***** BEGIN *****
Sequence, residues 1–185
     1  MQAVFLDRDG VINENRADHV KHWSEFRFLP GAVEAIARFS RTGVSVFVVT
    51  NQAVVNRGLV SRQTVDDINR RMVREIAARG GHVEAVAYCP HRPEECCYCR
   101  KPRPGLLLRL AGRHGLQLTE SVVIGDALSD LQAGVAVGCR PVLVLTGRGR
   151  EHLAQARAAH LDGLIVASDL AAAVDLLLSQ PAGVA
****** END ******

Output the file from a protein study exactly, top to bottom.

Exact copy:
Sequence, residues 1–185
     1  MQAVFLDRDG VINENRADHV KHWSEFRFLP GAVEAIARFS RTGVSVFVVT
    51  NQAVVNRGLV SRQTVDDINR RMVREIAARG GHVEAVAYCP HRPEECCYCR
   101  KPRPGLLLRL AGRHGLQLTE SVVIGDALSD LQAGVAVGCR PVLVLTGRGR
   151  EHLAQARAAH LDGLIVASDL AAAVDLLLSQ PAGVA